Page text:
The Hellenistic Aesthetic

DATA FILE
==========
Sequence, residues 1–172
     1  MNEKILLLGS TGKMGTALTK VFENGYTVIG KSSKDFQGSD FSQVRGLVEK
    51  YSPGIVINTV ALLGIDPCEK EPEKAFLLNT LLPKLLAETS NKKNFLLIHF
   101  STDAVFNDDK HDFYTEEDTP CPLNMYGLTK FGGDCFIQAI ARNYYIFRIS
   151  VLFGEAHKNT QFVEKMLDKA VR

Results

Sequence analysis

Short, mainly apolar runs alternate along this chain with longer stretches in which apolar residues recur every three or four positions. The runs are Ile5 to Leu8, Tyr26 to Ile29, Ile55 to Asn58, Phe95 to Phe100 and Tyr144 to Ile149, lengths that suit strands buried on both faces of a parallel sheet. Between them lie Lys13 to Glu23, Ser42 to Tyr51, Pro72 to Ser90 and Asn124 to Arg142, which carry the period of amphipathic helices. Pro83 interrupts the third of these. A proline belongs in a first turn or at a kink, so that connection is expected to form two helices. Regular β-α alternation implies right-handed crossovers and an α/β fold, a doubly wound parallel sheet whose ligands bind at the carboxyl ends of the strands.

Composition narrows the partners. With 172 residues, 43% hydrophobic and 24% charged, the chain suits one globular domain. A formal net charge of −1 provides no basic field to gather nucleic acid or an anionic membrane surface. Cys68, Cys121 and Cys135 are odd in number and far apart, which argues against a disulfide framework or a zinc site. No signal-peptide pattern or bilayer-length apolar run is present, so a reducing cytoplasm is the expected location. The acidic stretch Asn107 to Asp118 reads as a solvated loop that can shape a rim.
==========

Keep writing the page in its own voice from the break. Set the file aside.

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Fowler's . . . own insights are apparent throughout, and they seem to distill the personal appreciation and understanding of a scholar who has devoted much of her career to both contemplating and enjoying Hellenistic poetry. . . . [This book] would make an excellent background text for courses in later Greek and Roman art, and it can be read with profit by anyone interested in exploring the character of Hellenistic culture. -J. J. Pollitt, American Journal of Archaeology Outstanding is the range of examples discussed both in poetry and art. Theocritus, Callimachus, Appolonius, the epigrammatists, and others-that is, the major figures of the time-are considered at length and in several different contexts. Passages are quoted in the original Greek, translated, and analyzed. Fowler's sensitivity to poetic forms, evident in her other published writings, is again evident here. In addition, however, the philosophical context is not overlooked. . . . Also highly commendable are the liberal references to works of art. Sculpture in the round and in relief, portraits, terracotta figurines, original paintings (grave stelai) and Campanian murals, mosaics, gold and silver vessels, and jewelry are introduced at various points. Every work of art discussed is illustrated in astonishingly clear photographs, which are interspersed in the body of the text. -Christine Mitchell Havelock The Hellenistic Aesthetic provides classicists with their first thorough discussion of the aesthetic unity found in Hellenistic art and literature. . . . Fowler examines parallels both in subject matter and in artistic approach among a diverse group of literary genres and artistic forms. In twelve chapters, The Hellenistic Aesthetic surveys Alexandrian epigrams, pastorals, epics, sculptural groups, mosaics, paintings, and jewelry to supply a convincing, and frequently unexpected, picture of a unified aesthetic vision. -Jeffrey Buller, Classical Outlook